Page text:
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Spokane Tribe - Washington (U.S.)

Native American

Last modified: 2017-08-23 by rick wyatt
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[Spokane Tribe - Washington flag] image by Donald Healy, 31 January 2008



See also:


The Band

[Spokane Tribe - Washington map]
map image by Peter Orenski based on input from Don Healy

Spokane - Washington

The Spokane Reservation, in western Washington, is home to the Spokane, an inland Salish-speaking people related to the Flathead, Coeur d'Alene, and similar tribes (ENAT, 252).

Donald Healy 2008


The Flag

The flag of the Spokane Tribe is the banner from the Tribe's 1981 centennial (photos supplied by Jim White). The flag has a yellow-orange field bordered in red. In the upper center of the flag is a multi-colored oval shield, hanging from it are two white-and-black eagle feathers. In the shield's center, the phrase "100 YEARS" appears on a blue background, the number in yellow and the word in black. This inner oval is ringed by white, red, and tan bands. The white band is serrated; the outermost band is tan and bears "SPOKANE TRIBE" above and six black dots below.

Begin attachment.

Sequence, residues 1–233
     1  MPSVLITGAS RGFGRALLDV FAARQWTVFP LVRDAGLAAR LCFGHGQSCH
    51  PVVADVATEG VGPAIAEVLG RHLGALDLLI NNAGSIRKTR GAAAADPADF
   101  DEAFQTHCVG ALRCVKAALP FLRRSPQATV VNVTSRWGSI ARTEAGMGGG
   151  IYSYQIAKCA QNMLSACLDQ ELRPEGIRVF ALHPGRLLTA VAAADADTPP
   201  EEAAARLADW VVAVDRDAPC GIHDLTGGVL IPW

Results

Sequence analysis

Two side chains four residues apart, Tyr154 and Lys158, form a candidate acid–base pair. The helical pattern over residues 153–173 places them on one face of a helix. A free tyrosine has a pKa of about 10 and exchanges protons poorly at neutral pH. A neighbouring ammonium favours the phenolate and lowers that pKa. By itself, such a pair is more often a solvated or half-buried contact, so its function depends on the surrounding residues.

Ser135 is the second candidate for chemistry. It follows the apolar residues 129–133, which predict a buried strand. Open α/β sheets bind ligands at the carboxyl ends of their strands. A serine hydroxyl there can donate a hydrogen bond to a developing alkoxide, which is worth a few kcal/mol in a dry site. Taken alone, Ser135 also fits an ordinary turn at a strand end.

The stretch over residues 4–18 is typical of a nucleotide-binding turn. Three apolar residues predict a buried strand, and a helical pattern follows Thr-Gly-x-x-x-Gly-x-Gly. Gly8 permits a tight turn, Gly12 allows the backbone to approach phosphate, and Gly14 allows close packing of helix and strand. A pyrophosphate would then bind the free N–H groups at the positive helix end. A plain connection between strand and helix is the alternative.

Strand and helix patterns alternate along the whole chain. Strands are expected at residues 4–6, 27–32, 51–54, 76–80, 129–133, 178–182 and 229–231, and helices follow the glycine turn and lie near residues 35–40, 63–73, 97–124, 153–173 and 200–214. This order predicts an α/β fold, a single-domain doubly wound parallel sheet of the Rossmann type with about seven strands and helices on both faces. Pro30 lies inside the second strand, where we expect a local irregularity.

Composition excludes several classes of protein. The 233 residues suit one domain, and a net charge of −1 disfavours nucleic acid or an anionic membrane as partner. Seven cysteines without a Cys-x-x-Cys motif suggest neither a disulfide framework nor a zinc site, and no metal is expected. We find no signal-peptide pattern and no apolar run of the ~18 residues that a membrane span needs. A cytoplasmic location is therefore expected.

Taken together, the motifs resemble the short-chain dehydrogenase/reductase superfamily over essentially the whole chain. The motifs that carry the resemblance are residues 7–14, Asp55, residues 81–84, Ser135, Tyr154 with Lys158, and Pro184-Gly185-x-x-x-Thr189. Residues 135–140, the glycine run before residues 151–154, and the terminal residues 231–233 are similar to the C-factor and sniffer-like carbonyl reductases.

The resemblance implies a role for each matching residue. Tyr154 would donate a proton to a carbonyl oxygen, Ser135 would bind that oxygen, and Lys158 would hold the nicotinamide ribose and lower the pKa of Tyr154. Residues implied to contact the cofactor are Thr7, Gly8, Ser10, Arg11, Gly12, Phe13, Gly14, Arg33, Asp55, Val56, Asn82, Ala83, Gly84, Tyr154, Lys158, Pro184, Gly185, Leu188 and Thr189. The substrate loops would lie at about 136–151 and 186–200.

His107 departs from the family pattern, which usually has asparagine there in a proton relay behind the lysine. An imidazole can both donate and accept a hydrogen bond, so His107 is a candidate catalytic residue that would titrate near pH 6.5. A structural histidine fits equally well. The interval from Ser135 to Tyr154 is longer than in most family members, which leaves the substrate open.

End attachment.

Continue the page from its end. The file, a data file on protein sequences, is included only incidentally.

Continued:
"CENTENNIAL CELEBRATION", in red, overlaps the bottom of the tan border, underlined by red arrows pointing outward. To the left and right of the feathers, in black, are "1881" and "1981". Across the bottom of the flag, overlapping the feathers' tips, is "CENTURY OF SURVIVAL" in green. Although the banner dates from the 1981 celebration, the Spokane continue flying it as their official tribal flag. This appears to be the sole instance among tribal flags where a celebration banner evolved into a flag.

[Thanks to NAVA member Jim White, who examined the flag outside the tribal headquarters in Wellpinit, Washington in 1996.]

Donald Healy 2008
information provided by Peter Orenski, 31 January 2008